Resiliency, globalization of medicine and inequities in health care. Is there a relationship?
Interest in global health is rising in medical schools around the world. Opportunities in international service learning comprise much of medical students’ undergraduate global health exposure, and this can empower students to address inequities in health care and advocate for social justice.
No country is immune from social inequities and vulnerable populations who face higher burdens of morbidity and mortality. Global health is relevant to the development of humanistic physicians, who are better able to address the needs of complex, diverse and often under serviced communities whether home or abroad.
Dr Keyna Bracken is an associate professor in the department of Family Medicine at McMaster University. She is currently the Director of Enhanced Skills Program and Clerkship Director for the department of Family Medicine. Keyna has received a HAHSO grant for innovation to obstetrical care delivery, partnered with other departments at McMaster in several studies including, BHIP (Be Healthy in Pregnancy), and Public Health in, 'My Baby and me' Passport program for young mothers.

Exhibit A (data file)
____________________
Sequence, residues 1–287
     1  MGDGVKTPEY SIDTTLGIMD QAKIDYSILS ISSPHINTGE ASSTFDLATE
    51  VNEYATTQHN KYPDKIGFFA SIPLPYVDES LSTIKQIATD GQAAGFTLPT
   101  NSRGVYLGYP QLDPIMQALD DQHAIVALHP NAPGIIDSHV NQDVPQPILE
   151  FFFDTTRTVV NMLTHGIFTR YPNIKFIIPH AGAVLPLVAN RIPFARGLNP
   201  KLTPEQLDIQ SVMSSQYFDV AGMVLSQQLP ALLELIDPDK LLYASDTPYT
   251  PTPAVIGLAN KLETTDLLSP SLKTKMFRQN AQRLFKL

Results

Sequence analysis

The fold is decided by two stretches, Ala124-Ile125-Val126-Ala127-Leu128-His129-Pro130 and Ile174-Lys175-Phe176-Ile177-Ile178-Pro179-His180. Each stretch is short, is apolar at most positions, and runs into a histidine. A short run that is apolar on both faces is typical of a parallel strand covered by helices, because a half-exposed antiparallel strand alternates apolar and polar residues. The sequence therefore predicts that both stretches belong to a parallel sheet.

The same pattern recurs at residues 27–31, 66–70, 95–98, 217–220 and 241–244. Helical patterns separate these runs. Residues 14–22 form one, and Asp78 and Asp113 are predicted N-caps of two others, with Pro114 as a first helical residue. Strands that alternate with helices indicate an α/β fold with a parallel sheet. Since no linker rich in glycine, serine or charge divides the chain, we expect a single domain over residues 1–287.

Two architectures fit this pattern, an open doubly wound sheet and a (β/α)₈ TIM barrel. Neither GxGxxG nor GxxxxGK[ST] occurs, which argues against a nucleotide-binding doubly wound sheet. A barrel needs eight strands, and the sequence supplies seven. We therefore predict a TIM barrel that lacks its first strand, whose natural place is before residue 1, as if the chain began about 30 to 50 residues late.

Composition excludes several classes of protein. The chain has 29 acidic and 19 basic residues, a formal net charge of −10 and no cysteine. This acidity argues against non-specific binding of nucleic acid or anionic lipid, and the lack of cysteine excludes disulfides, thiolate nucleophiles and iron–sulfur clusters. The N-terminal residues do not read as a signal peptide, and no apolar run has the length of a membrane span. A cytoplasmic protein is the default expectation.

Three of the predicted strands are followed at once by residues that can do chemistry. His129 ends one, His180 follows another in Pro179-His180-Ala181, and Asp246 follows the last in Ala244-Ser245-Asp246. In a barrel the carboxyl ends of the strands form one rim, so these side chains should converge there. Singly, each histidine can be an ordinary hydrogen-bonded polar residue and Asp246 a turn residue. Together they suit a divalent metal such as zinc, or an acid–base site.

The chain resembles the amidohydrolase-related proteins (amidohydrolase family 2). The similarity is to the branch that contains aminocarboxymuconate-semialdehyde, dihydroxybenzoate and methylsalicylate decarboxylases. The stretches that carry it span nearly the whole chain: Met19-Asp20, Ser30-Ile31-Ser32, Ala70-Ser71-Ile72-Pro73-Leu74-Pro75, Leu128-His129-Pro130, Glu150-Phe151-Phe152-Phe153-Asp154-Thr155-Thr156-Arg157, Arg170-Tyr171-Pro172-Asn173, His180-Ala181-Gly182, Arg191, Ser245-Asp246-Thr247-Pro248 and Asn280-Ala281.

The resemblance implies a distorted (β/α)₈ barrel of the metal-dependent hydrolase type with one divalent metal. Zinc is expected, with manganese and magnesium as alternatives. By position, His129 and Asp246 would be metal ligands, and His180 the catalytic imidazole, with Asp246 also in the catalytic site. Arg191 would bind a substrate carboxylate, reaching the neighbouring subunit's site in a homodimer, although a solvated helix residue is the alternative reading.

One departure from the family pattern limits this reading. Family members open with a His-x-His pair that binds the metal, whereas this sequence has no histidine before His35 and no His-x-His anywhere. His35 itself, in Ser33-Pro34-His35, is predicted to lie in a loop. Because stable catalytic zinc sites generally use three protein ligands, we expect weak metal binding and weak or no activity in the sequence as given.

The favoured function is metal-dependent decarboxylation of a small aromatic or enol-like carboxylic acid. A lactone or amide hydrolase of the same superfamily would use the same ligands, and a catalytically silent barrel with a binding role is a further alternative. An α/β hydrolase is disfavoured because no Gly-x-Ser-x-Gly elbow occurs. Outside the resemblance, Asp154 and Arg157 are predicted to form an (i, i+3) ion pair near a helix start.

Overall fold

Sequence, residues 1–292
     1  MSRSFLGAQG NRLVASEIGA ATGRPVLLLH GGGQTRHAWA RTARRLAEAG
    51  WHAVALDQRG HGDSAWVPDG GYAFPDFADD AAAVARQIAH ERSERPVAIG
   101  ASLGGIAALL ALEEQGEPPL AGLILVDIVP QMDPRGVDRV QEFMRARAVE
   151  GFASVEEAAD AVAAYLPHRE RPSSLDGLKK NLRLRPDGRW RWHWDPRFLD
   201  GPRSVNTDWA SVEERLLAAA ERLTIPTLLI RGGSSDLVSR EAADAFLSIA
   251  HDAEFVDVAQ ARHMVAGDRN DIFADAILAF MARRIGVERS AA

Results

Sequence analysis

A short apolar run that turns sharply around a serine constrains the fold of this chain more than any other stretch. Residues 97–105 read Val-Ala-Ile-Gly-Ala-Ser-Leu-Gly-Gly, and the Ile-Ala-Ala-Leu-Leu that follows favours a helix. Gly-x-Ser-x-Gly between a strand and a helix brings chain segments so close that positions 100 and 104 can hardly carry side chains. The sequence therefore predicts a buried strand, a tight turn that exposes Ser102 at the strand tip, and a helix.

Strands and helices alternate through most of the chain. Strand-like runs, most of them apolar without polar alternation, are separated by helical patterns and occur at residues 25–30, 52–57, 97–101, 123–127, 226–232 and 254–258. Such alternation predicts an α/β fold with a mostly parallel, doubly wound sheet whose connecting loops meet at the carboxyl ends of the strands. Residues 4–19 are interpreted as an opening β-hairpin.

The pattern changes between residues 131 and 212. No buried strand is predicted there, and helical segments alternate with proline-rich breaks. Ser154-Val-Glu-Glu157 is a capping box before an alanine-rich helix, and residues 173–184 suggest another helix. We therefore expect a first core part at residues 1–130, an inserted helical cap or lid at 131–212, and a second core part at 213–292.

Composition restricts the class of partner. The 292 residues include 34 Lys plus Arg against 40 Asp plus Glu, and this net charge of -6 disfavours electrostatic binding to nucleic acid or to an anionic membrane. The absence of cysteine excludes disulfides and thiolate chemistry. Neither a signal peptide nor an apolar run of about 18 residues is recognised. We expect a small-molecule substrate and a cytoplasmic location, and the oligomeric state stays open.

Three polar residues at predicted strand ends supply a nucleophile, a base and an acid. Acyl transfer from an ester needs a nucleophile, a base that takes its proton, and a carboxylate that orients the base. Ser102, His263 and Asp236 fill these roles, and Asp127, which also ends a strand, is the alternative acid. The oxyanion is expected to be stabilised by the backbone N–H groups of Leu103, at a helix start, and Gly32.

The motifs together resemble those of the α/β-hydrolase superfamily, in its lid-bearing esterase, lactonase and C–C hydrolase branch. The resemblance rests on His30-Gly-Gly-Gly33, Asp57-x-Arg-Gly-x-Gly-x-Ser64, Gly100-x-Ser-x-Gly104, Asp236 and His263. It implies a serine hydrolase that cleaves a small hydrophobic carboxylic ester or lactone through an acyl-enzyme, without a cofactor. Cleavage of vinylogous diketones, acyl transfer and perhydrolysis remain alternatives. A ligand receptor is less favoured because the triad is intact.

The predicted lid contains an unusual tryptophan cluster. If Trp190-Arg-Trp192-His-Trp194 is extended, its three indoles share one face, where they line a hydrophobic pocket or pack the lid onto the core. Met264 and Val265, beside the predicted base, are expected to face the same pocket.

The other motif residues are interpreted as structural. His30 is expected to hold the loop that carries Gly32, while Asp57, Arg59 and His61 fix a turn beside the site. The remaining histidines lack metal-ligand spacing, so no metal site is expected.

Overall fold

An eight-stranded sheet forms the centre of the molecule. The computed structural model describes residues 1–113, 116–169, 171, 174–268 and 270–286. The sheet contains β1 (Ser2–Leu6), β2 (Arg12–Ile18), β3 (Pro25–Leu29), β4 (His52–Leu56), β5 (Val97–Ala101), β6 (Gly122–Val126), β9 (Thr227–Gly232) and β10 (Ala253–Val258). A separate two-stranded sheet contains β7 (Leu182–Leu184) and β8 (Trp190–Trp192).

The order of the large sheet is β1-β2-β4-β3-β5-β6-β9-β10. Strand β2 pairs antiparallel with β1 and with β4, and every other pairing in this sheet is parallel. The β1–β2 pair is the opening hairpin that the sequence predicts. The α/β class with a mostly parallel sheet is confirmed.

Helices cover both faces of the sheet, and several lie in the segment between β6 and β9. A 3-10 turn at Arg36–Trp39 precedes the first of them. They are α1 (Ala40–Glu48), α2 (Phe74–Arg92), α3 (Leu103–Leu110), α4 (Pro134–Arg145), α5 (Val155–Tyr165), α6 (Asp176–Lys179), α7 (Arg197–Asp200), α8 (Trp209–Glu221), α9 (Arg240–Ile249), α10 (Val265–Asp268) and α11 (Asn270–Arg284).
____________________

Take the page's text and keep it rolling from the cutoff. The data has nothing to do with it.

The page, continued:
Keyna is actively involved in teaching emergency obstetrical skills internationally with the Society of Obstetricians of Gynecologists of Canada and is collaborating with colleagues at Syiah Kuala University Indonesia, for part of her sabbatical in 2017 to work on maternal child curriculum development. In addition to Maternal Child Care and International Health work, Keyna is passionate about medical education, especially as it relates to the development of resilient, reflective professionals.
Keyna is currently involved in medical education research looking at the uses of social power in clinical learning environments. Keyna has been recognized for excellence in clinical practice by the College of Physicians and Surgeons of Ontario and has received numerous teaching awards.
For more information please email to Doreen Presnall